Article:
We spent a lot of anniversaries and vacations there when we lived in Los Angeles, exploring the desert and the areas around Palm Springs. We wanted to share that with our families.

What’s it been like working creatively with your significant other?

It’s really incredible. It’s like having two brains at once. We approach things very differently, so it’s very complementary and allows me to keep an even head. He’s more even keeled, and I’m a little bit more manic, so it’s really good. We bring out the best in each other.

How was working on the last few seasons of Mad Men?

It was such an incredible experience that I will carry with me for the rest of my life. I am so grateful to have been a part of such an important show. And I was a huge fan of the series before I got to even audition for it. So to have been able to be on it for two seasons has been mind blowing. I feel like I got to step inside of the TV.


What are you particularly excited about right now?

I’m working on my feature film directing debut, which is a indie-drama about the consequences of the high price of medications that speaks to some of the same issues as the Martin Shkreli’s Daraprim scandal. … I’ve been developing a script for the last year with a doctor who for years worked in the free clinic systems treating patients with HIV and AIDS. And we’re trying to tell a story about … the ways in which our health care systems are failing some of society’s most vulnerable.

When do you think it’s going to come out?

We go into production in the end of the summer. As far as the stuff that’s already in the can, I just wrapped on two independent feature films that are both LBGT, that are doing a festival tour. This first is Kiss Me, Kill Me which is a gay noir movie set in West Hollywood. I play a drug dealer named Travis. That’s got some great people in it like Shangela, Brianna Brown, and Gale Harold from Queer as Folk. And then I’m in Retake, which stars Tuc Watkins, and I play a prostitute — like a hustler — in downtown Los Angeles.

Speaking of “coming out” — what was it like growing up and coming out in Mississippi?

Coming out in Mississippi was really hard, and I felt like I didn’t have any choice but to leave. But I know that a lot of people do stick it out, and make it work in tougher parts of the country like that, and they have my admiration. Because it was overwhelming for me — the idea of being other, the idea of not belonging in my community. So I went to boarding school when I was 16 [years old] in Michigan to try to hit the reset button on my life and start a new life, where I could be myself and live openly. I think that there have been a lot of good advances, and a lot of progress in states like Mississippi in recent years. To see that the conservative reaction to that progress is to try to double down on hate, and to make sure that people know that they aren’t welcome to be themselves in Mississippi: it makes me incredibly sad.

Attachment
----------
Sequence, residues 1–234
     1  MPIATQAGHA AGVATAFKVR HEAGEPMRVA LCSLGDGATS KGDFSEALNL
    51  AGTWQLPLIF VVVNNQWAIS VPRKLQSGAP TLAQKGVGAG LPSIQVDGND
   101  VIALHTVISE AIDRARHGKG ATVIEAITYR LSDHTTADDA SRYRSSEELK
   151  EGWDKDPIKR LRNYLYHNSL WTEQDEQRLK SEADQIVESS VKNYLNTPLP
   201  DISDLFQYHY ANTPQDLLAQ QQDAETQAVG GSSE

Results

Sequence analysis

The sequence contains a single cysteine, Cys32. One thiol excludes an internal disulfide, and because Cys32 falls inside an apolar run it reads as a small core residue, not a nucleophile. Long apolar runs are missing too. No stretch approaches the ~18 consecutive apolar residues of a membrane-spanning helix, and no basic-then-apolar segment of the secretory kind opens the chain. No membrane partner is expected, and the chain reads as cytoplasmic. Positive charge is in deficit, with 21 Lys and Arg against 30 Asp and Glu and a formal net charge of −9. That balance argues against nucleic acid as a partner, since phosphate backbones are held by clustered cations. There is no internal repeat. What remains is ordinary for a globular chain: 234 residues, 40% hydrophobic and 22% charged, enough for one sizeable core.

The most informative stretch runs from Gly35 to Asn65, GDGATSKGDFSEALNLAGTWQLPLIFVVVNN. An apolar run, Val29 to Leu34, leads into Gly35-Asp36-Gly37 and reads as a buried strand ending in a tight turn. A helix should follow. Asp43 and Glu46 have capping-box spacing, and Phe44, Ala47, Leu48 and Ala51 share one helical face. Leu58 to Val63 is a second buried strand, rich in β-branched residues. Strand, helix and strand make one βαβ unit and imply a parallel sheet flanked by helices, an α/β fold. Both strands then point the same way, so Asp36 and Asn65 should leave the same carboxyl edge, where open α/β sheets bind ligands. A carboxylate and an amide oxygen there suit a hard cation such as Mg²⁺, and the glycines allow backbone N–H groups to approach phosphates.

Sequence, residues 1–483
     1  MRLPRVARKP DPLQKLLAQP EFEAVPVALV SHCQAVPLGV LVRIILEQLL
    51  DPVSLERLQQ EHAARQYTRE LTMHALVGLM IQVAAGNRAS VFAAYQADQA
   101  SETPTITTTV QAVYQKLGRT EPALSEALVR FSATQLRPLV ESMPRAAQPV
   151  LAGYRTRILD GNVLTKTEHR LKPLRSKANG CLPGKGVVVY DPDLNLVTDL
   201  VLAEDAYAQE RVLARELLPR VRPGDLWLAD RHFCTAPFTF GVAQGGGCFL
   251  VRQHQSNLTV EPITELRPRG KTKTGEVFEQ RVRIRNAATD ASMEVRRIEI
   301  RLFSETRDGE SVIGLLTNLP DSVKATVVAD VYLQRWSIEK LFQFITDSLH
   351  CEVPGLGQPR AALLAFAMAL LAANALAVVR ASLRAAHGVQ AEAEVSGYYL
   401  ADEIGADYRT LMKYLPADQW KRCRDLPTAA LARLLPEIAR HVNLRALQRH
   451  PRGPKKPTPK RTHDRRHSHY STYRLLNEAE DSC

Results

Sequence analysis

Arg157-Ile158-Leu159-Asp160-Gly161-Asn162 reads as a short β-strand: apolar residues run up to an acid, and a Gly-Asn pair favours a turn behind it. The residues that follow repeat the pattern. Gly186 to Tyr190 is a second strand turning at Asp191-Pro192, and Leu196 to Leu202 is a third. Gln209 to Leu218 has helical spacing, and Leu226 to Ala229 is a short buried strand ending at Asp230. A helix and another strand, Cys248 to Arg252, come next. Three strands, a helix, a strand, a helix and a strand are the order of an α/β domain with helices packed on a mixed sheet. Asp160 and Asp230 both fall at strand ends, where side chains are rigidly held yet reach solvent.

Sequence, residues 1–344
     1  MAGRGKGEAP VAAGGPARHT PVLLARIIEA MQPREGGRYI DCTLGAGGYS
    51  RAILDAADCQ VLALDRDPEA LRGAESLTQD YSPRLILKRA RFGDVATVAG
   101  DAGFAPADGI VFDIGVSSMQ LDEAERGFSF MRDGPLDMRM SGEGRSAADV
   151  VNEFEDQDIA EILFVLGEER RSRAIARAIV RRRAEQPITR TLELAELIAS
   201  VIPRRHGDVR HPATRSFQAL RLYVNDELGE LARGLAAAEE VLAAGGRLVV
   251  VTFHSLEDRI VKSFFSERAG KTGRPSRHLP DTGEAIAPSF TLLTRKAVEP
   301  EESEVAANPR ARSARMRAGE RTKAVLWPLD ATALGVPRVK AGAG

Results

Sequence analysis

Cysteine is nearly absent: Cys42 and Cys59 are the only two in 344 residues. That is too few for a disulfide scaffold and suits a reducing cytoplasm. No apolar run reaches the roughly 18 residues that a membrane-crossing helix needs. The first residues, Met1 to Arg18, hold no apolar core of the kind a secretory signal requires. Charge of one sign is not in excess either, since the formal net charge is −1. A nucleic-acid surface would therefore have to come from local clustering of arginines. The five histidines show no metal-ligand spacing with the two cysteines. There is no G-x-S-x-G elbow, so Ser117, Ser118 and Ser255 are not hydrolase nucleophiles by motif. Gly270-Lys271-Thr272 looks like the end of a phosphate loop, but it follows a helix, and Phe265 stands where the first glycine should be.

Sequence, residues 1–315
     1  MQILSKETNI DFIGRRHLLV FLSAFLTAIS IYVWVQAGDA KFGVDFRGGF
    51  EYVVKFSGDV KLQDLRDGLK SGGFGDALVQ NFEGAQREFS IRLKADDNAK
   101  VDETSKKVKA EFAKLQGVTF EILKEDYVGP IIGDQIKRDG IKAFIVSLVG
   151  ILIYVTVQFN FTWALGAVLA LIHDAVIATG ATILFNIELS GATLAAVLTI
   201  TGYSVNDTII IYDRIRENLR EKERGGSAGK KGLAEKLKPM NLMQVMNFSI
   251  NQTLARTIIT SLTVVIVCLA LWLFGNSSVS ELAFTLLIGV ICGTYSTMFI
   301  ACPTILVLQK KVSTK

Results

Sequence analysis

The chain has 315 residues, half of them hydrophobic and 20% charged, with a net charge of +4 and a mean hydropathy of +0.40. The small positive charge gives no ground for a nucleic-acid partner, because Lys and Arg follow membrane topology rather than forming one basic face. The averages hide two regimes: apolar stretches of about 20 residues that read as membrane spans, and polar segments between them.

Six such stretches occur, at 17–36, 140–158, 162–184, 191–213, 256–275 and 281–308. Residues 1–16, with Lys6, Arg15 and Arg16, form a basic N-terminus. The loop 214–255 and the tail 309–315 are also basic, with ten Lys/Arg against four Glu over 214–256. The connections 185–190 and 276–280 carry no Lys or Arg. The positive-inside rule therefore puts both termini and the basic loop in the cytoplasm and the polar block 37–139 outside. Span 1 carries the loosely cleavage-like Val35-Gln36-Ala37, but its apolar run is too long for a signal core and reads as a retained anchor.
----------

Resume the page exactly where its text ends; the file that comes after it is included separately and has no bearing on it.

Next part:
Do you have hope for future progress anyway?

What gives me hope is seeing the progress that people in my life have made over the years: people in my extended family getting to know my partner and celebrating our marriage in a way that I never expected — to see them not only accept but celebrate us. That has been extraordinary. We had an engagement party in Mississippi, and so many people from my childhood and my family showed up that I truly didn’t think would support the idea of two men being married. But at the end of the day, they wanted to support us more than they wanted to hold on to the negative things that they had felt about gay marriage in the past. And we were able to show them that we were as deserving of happiness together — as they are, as anyone is. So that’s what gives me hope: that by being a part of these communities, by staying in contact with people who maybe are not treating you fairly, we can (as the saying goes) change hearts and minds.

Why is it important to be a gay activist in 2016?

We’re at a really pivotal time, where we will either continue to make advances towards a more equal society, or we will see some of our rights rolled back under the auspices of religious freedom, and we cannot allow that to happen.

Tell me about your involvement with “The New Hollywood.”

This year I founded the LGBT branch of my friend Brianna Brown’s nonprofit The New Hollywood []. It’s a group of out entertainment industry professionals who support one another to set goals and support LGBT artists in entertainment: socially conscious filmmakers. … Our first initiative is the “Emerging Voices of Student Filmmaker” program. It’s a mentorship program where we award small grants to LGBT high school and college filmmakers who are working on short film projects with social justice themes. Then we pair them with a member of our group to guide them through the process of completing a short film project. Our hope is that we can encourage the younger generation to tell socially conscious stories to our community.

Last modified: January 17, 2018